Pink sapphires have become more widely available since new deposits were found in Madagascar in the late 1990s. Until that time, pink sapphires were considered exceptionally rare since they were only found in a few locations around the world including Sri Lanka and Myanmar.
Most pink sapphires have the typical inclusions found in corundum. Eye-clean, untreated stones are available on the market, but the majority of these have had their clarity enhanced by heat treatment. Because pink sapphires are rare, stones half a carat or more are not cut into calibrated sizes. Instead, each will be cut to retain as much of the rough as possible. Most are given a mixed cut. The most common shapes are rectangular and square cushions or ovals.
Pink sapphires come in very pale baby pinks to vivid, almost magenta, intense pinks. Right now, the most coveted pink sapphire colors are highly saturated purplish red hues with a medium tone—these are often described as “hot pink” or “bubble-gum pink.” Pink corundum is colored by traces of chromium. Very high chromium concentrations will create a ruby, and lower concentrations create pink sapphires. If the trace element titanium is also included in the crystal structure, the sapphire will have a more purplish pink hue.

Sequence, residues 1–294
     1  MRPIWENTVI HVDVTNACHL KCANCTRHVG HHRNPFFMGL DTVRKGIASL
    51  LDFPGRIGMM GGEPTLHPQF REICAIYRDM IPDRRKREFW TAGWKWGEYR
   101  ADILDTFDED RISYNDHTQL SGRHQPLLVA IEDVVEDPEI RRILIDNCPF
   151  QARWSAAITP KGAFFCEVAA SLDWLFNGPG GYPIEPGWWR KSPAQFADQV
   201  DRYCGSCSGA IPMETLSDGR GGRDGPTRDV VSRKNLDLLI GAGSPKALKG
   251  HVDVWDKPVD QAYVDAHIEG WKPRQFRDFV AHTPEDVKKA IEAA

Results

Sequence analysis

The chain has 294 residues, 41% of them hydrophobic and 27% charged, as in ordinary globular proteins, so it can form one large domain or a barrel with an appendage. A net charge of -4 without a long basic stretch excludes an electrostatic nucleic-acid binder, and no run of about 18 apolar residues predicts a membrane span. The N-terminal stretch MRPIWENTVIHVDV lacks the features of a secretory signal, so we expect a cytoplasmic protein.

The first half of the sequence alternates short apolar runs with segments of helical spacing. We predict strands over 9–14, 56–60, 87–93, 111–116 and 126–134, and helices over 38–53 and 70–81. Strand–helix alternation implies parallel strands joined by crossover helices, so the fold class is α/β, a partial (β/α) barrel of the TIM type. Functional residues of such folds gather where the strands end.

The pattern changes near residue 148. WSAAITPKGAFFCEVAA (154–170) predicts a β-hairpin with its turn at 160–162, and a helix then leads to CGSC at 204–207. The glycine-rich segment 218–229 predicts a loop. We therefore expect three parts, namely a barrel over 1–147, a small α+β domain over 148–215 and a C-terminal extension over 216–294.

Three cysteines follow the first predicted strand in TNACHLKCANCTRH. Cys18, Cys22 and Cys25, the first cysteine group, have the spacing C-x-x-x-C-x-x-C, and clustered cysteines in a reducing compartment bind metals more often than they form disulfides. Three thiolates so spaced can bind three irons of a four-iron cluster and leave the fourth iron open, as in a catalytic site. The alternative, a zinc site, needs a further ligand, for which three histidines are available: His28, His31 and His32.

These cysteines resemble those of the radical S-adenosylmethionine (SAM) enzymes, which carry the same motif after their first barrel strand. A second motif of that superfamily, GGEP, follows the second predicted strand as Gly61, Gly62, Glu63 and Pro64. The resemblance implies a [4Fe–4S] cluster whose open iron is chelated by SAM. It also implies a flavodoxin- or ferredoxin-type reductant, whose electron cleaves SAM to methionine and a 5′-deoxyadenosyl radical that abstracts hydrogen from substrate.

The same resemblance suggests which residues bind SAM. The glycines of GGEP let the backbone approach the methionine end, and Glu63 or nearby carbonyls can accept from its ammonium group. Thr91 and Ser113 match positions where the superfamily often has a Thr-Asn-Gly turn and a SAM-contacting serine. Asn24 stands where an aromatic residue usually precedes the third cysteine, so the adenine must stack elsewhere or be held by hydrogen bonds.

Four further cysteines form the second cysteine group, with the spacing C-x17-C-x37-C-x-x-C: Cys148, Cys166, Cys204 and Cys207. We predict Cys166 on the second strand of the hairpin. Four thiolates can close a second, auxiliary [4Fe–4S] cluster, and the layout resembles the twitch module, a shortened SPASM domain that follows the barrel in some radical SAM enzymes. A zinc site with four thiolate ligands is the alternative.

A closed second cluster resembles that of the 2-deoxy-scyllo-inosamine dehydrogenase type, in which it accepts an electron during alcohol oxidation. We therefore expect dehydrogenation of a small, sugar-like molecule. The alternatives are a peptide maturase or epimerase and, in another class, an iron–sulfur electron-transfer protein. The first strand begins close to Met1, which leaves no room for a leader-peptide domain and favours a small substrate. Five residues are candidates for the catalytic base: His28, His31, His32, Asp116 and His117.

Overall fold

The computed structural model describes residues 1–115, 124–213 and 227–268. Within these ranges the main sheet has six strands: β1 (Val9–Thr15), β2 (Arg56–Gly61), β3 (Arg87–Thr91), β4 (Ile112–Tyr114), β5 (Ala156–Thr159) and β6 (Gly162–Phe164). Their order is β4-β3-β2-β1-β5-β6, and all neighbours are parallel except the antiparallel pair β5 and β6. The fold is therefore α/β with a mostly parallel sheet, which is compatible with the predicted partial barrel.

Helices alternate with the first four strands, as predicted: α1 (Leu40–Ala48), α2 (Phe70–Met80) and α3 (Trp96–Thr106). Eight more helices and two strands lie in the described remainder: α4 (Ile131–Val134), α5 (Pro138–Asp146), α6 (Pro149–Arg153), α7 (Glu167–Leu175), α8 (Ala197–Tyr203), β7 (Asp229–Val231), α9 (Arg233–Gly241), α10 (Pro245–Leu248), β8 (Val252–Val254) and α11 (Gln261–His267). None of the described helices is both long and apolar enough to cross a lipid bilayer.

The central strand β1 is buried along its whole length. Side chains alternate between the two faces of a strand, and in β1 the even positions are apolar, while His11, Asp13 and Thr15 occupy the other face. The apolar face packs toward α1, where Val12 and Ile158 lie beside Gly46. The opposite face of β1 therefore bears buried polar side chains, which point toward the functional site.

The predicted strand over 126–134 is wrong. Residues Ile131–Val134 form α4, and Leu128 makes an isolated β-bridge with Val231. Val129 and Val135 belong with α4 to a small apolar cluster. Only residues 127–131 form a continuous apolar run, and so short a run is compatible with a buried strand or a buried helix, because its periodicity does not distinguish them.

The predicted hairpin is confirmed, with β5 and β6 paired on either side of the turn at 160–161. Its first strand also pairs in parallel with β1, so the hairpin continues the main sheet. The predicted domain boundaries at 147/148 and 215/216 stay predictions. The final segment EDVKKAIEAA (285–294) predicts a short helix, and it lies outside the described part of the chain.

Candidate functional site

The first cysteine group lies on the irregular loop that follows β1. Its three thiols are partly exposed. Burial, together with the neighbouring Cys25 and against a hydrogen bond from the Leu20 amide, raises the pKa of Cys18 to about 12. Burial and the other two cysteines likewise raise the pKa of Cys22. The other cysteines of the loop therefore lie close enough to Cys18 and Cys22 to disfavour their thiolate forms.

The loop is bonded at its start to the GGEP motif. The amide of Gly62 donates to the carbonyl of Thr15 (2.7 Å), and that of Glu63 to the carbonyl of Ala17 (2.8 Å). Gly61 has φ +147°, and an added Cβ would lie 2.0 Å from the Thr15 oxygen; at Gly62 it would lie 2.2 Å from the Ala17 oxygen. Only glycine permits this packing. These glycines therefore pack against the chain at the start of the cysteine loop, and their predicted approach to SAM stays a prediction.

Many of the sapphires from Madagascar are subjected to moderate heat treatments to reduce their purplish secondary colors. The heat treatment protocols employed are very different from the traditional long duration, high temperature heating of blue and yellow sapphires. Blue and yellow sapphires are heated at extreme temperatures (up to 1800º C) for 3-10 days, often along with color and clarity enhancing additives. Madagascar pink sapphires, on the other hand, are heated at temperatures far lower (about 400º C) for only a few hours. This “gentler” process does not alter the internal characteristics of the gemstone which makes the detection of heat treatment more difficult for the gemologist. Madagascar pink sapphires can be heated for as little as five minutes at low temperatures and no internal inclusions are affected. High heat temperatures affect the inclusions drastically.
Although some success in detecting this treatment has been achieved by employing high tech equipment to detect trace element changes within the stone, the equipment is costly and beyond the reach of the average gem laboratory. It is still a new science and in many cases, it can be very difficult to determine if a pink sapphire from Madagascar has been heated. Even the most respected professional laboratories have been known to disagree when evaluating the same gemstones. We have given multiple laboratories the exact same Madagascar pink sapphire for testing to determine if it had been heated or not. We were given conflicting results on the same stone from different laboratories. One said that the pink sapphire was heated and the other not heated. The reputable laboratories often do an excellent job, but just like determining origin, whether or not a pink sapphire from Madagascar has been heated is a difficult task.
This pink sapphire has two conflicting report results. One specifies no heat treatment, while the other assesses the sapphire to be heated.
Read more about Sapphire Origins.
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